As we anticipated with the first episode of this small foray into the history of AI, in this second part we will try to present some essential theoretical achievements in the field. The way we consider to be the most appropriate is to exemplify two representative algorithms of their time in the field of computational and cognitive science. And who is more appropriate to start with than John McCarthy, the man who introduced the term “Artificial Intelligence”? (at the famous Dartmouth conference in Summer 1956, which also marked the beginning of AI as a field)
One of the most critical American researchers of the time, McCarthy contributed massively in related fields such as mathematics, logic, information technology, cognitive sciences, artificial intelligence. As it is very difficult for us to mention now all his major contributions, we limit ourselves to listing some of them, such as:
• creation in the 50s of the LISP language, which, based on lambda calculus becomes the preferred language of the AI community; inventing the concept of “garbage collector” in 1959 for LISP
• participation in the committee that gave birth to the ALGOL60 language, for which he proposed in 1959 the use of recursion and conditional expressions
• significant contribution in defining three of the very earliest time-sharing systems (Compatible Time-Sharing System, BBN Time-Sharing System, and Dartmouth Time-Sharing System)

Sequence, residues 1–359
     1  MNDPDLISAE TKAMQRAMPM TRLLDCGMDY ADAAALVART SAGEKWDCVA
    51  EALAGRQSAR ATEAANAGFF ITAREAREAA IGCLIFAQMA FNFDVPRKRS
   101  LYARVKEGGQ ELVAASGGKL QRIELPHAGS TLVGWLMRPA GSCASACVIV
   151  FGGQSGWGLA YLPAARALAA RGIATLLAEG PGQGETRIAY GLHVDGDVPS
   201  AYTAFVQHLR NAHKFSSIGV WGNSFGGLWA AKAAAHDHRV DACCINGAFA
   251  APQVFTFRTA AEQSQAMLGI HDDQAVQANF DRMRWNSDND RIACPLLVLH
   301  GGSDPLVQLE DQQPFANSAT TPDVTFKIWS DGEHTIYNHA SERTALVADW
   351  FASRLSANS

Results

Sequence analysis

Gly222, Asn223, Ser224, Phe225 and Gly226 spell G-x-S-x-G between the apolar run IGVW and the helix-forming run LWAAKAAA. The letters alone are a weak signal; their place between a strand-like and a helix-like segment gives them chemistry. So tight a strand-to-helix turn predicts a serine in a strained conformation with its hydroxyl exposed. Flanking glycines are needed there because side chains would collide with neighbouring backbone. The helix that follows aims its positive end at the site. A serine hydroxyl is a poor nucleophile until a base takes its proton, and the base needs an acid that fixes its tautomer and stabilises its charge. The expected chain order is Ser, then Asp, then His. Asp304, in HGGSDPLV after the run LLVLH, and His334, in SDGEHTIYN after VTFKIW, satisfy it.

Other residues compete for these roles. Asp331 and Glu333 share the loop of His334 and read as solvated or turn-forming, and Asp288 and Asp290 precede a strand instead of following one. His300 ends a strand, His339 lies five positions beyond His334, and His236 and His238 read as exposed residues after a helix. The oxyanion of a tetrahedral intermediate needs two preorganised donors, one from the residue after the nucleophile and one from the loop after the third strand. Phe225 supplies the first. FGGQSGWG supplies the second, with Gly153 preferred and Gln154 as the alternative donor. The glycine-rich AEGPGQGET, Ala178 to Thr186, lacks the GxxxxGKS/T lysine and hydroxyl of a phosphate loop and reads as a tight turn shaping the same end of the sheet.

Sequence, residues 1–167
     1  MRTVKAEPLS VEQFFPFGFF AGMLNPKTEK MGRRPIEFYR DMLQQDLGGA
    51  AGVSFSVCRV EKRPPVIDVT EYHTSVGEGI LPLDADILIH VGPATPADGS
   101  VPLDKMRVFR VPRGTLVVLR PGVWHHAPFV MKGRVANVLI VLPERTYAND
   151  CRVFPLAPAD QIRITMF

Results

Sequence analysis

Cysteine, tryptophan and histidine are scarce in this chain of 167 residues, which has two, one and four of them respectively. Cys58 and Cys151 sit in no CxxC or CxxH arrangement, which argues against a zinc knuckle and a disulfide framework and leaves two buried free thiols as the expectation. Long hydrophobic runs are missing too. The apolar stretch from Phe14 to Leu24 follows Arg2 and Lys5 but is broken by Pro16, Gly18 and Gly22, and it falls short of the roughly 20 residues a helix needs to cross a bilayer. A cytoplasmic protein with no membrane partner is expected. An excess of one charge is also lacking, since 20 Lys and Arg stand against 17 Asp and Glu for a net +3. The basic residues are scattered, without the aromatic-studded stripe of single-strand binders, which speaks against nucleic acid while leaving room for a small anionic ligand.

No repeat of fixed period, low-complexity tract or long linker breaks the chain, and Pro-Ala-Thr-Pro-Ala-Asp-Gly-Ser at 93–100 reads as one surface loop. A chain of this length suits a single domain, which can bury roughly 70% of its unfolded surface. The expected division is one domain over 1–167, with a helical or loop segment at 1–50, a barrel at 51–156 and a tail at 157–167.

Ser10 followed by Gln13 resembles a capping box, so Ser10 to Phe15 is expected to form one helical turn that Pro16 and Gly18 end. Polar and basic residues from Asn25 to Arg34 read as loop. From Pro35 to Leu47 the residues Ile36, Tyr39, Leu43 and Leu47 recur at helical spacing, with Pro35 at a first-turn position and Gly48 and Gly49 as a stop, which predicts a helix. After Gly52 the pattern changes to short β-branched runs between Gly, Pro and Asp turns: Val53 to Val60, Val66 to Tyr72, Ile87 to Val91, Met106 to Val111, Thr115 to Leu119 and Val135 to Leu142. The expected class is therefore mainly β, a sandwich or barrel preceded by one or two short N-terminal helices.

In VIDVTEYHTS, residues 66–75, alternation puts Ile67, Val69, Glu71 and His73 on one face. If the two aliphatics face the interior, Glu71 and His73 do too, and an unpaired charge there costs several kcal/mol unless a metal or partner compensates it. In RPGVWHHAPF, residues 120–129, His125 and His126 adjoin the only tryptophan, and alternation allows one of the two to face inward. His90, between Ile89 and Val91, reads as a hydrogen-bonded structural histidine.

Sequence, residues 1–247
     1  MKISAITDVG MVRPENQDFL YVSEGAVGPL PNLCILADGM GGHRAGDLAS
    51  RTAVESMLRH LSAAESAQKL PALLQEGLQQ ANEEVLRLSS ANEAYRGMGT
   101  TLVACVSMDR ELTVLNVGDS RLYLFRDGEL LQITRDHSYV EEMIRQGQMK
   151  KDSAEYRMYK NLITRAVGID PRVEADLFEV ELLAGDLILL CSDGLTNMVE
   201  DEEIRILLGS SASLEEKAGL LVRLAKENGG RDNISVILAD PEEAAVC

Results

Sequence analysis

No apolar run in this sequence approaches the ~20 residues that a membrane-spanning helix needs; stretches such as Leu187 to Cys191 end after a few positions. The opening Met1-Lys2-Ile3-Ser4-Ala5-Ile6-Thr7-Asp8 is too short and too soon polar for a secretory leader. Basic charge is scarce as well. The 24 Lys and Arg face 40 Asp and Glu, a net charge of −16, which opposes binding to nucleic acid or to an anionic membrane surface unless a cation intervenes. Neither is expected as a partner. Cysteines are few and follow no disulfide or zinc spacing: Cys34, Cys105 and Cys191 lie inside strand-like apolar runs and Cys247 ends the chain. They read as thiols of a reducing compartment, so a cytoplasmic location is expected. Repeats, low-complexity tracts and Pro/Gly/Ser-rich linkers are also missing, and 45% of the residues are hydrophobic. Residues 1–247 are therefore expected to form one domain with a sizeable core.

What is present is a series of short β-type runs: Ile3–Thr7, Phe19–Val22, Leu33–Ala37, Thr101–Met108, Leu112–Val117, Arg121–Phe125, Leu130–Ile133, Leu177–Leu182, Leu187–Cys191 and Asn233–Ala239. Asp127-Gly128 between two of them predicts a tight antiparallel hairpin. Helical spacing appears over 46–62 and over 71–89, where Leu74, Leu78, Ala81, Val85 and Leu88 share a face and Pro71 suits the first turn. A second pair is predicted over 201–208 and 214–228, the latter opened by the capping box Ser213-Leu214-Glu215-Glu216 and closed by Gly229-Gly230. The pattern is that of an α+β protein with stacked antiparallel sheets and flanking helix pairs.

• the first promoter of the idea of a computer utility, a prevalent concept in the 60s to the 90s, and returned to a new youth today in various forms: cloud computing, application service provider, etc.
But his genius (for which McCarthy is referred to as “Father of AI”) came to light even better through papers such as “Artificial Intelligence, Logic and Formalizing Common Sense”, “Making Conscious Robots of their Mental States”, “The Little Thoughts of Thinking Machines”, “Epistemological Problems of Artificial Intelligence”, “On the Model Theory of Knowledge”, “Creative Solutions to Problems”, or “Appearance and Reality: A challenge to machine learning” – papers that we hope will arouse the curiosity of many of our readers.
From the article “Free Will – Even for the Robots,” we present below a sample of his deterministic approach to free will. The aim was to propose a theory of Simple Deterministic Free Will (SDFW) in a deterministic world. The theory splits the mechanism that determines action into possible actions and their consequences first and then decides which action is preferred the most. AI requires the formal expression of phenomena through the mathematical logic of situation calculus. The equation:
s’ = Result(e, s)
asserts that s’ is the situation that results when event e occurs in the situation s. Since there may be many different events that can occur in s, and the theory of the function Result does not say which occurs, the theory is nondeterministic. Having some preconditions for the event to occur, we will get to the formula:
Precond(e, s) → s’ = Result(e, s).
McCarthy added a formula Occurs(e, s) to the language that can be used to assert that the event e occurs in situation s. We have: